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Publication numberUS6295015 B1
Publication typeGrant
Application numberUS 09/388,327
Publication dateSep 25, 2001
Filing dateSep 1, 1999
Priority dateSep 1, 1999
Fee statusPaid
Publication number09388327, 388327, US 6295015 B1, US 6295015B1, US-B1-6295015, US6295015 B1, US6295015B1
InventorsGary A. Jones, Gary J. Sgrignoli, Minglu Zhang
Original AssigneeZenith Electronics Corporation
Export CitationBiBTeX, EndNote, RefMan
External Links: USPTO, USPTO Assignment, Espacenet
Reference generator for demodulator calibration
US 6295015 B1
Abstract
A reference generator includes a memory that stores reference data which, when clocked out of the memory, produces an ATSC compliant VSB reference signal substantially free of sub-harmonics of the clock signal. A digital-to-analog converter converts the clocked out reference data to an analog signal. The analog signal may be at low IF. An up converter is arranged to upconvert the output of the digital-to-analog converter to an RF reference signal. The RF reference signal can be used, for example, to calibrate a VSB demodulator.
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Claims(37)
What is claimed is:
1. A reference generator for generating a digital broadcast reference signal comprising:
a memory storing reference data representing a modulated digital broadcast signal having substantially no distortion, wherein the reference data are modulated with a pilot carrier producing an integral of cycles within which to modulate the reference data;
a digital-to-analog converter;
a clock emitting a clock signal that clocks the stored reference data out of the memory to the digital-to-analog converter to produce a continuous converter output; and,
a low-pass reconstruction filter arranged to filter the converter output.
2. The reference generator of claim 1 wherein the stored reference data include segment syncs.
3. The reference generator of claim 2 wherein the reference data include a series of up and down counts, wherein the up counts start at zero and are increased by one to a number sufficient to produce 188 bytes, and wherein the down counts are decreased therefrom by one to zero.
4. The reference generator of claim 3 wherein the up and down counts represent baseband data sampled at about 10.76 MHZ.
5. The reference generator of claim 4 wherein zero insertion is performed on the up and down counts so that the reference data correspond to baseband data effectively sampled at about 21.52 MHZ.
6. The reference generator of claim 5 wherein the reference data are pre-distorted to compensate for distortion caused by the digital-to-analog converter.
7. The reference generator of claim 6 wherein the reference data are modulated with a pilot carrier producing an integral of cycles within which to modulate the reference data.
8. The reference generator of claim 7 wherein the reference data are root raised cosine filtered.
9. The reference generator of claim 7 wherein the reference data are single sideband filtered in order to eliminate a sideband resulting from the modulation.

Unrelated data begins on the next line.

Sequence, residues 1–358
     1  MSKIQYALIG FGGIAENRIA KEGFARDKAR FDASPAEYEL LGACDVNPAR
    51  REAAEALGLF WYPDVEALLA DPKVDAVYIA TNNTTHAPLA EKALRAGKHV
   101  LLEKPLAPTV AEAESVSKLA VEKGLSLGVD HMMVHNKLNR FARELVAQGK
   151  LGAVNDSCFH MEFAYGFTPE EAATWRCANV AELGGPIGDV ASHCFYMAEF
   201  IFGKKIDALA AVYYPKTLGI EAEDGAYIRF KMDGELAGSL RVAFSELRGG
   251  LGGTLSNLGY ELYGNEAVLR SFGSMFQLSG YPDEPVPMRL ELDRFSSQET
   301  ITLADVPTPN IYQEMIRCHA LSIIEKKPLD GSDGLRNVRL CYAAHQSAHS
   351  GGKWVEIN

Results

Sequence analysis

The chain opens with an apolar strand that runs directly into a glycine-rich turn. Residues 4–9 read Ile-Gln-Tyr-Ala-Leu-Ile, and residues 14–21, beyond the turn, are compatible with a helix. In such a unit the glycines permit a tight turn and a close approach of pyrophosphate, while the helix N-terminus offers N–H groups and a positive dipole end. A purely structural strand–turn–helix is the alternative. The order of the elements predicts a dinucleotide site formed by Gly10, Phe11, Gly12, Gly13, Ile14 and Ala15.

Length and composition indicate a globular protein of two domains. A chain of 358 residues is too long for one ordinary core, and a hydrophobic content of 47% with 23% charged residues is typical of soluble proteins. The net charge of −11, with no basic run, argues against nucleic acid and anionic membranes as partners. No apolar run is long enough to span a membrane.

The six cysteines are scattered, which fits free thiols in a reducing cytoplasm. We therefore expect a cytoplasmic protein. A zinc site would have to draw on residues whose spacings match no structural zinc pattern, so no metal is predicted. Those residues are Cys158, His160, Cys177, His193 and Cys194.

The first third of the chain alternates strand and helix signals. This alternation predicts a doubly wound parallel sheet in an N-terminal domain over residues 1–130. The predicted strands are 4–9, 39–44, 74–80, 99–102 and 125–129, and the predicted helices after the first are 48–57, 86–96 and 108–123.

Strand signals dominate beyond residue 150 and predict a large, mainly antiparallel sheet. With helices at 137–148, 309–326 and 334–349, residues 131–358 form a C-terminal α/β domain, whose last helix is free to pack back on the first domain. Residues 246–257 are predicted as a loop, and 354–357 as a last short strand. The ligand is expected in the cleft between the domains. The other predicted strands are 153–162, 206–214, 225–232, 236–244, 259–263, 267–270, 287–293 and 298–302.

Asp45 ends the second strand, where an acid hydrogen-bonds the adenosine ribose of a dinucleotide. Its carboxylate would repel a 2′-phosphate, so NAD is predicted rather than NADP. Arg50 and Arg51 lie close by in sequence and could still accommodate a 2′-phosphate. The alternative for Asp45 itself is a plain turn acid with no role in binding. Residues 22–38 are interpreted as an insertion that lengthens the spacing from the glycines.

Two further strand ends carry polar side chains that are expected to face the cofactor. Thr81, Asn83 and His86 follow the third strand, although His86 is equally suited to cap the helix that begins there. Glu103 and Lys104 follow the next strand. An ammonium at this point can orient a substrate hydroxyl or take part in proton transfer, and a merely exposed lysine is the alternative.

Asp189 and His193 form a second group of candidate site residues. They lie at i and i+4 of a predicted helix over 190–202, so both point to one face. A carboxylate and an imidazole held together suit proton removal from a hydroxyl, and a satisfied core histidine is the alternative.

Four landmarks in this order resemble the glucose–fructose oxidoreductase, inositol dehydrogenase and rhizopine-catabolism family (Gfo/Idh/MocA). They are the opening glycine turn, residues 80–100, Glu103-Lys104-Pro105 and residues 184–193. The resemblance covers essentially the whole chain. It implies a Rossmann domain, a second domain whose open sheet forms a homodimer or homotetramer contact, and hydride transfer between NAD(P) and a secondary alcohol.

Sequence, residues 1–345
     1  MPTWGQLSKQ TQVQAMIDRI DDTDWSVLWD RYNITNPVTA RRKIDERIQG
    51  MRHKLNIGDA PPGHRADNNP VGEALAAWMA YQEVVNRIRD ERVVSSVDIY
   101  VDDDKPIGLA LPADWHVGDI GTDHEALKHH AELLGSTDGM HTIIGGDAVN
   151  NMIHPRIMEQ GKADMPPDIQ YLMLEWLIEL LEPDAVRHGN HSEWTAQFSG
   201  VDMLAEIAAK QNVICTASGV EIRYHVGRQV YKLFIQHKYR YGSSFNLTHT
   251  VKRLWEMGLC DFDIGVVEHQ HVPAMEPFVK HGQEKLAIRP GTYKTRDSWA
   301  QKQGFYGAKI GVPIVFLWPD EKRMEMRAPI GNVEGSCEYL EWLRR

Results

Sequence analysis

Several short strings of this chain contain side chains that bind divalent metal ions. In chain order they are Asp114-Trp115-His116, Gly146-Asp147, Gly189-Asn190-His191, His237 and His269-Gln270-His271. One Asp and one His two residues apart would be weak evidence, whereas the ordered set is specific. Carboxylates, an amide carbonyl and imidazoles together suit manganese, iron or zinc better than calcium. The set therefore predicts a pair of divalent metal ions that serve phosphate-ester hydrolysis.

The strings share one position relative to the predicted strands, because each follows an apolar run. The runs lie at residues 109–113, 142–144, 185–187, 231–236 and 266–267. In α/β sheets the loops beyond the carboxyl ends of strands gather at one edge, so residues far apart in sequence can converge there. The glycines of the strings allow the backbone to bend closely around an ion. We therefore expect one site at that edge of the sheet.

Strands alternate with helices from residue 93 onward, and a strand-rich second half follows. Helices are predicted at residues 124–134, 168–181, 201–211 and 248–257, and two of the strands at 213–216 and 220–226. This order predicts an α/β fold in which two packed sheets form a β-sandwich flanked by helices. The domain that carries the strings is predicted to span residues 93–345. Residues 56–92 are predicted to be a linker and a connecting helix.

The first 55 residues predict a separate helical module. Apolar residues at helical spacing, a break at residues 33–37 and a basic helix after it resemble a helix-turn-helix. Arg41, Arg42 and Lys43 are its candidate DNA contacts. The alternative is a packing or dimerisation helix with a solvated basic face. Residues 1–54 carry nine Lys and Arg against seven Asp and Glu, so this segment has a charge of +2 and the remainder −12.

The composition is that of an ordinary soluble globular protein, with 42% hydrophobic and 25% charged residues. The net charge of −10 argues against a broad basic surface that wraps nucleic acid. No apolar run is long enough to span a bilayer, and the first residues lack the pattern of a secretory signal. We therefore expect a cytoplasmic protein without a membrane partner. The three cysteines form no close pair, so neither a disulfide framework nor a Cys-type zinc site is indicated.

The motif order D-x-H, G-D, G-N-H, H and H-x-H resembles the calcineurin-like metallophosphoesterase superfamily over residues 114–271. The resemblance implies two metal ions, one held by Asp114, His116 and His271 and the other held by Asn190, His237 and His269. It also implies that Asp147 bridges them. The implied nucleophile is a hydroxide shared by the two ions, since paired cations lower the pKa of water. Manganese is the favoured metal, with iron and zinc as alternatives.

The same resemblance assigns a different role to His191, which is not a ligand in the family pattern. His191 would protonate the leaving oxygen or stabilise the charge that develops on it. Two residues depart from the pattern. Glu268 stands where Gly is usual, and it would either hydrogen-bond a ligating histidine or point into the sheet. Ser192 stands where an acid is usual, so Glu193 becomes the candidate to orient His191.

10. The reference generator of claim 1 wherein the reference data includes zero insertion so that the reference data correspond to baseband data effectively sampled at about 21.52 MHZ.
11. The reference generator of claim 10 wherein the reference data are modulated with a pilot carrier producing an integral of cycles within which to modulate the reference data.
12. The reference generator of claim 11 wherein the modulated reference data are pre-distorted to compensate for distortion caused by the digital-to-analog converter.
13. The reference generator of claim 12 wherein the modulated reference data are root raised cosine filtered.
14. The reference generator of claim 12 wherein the modulated reference data are single sideband filtered in order to eliminate a sideband resulting from the modulation.
15. The reference generator of claim 14 wherein the modulated reference data are root raised cosine filtered.
16. The reference generator of claim 14 wherein the pilot carrier is a complex pilot carrier, and wherein the modulated reference data are complex root raised cosine filtered.
17. The reference generator of claim 14 wherein the modulated reference data are single sideband filtered in order to eliminate a sideband resulting from the modulation.
18. The reference generator of claim 1 wherein the reference data are root raised cosine filtered.
19. The reference generator of claim 1 wherein the reference data are complex root raised cosine filtered.
20. The reference generator of claim 1 wherein the reference data are clocked out by the clock so that the clocked signal samples are at a low IF.
21. The reference generator of claim 1 wherein the reference data are pre-distorted to compensate for distortion caused by the digital-to-analog converter.
22. The reference generator of claim 1 wherein the reference data include compensation for distortion caused by the low pass reconstruction filter.
23. The reference generator of claim 1 wherein the reference data are a block of data comprising at least two fields of 313 segments per field.
24. The reference generator of claim 1 wherein the reference data include reference data for each of at least two VSB modes.
25. A computer readable storage medium having a block of reference data stored thereon, wherein the block of reference data, when repeatedly clocked out of the computer readable storage medium by a clock signal, functions as a continuous digital broadcast reference signal producing substantially no sub-harmonics of the clock signal.
26. The computer readable storage medium of claim 25 wherein the block of reference data, when repeatedly clocked out of the computer readable storage medium, functions as a continuous digital broadcast reference signal having ATSC frame and segment synchronization.
27. The computer readable storage medium of claim 25 wherein the block of reference data corresponds to at least one VSB mode.
28. The computer readable storage medium of claim 25 wherein the block of reference data is a first block of reference data, wherein the computer readable storage medium further stores a second block of reference data, and wherein the first and second blocks of reference data correspond to different VSB modes.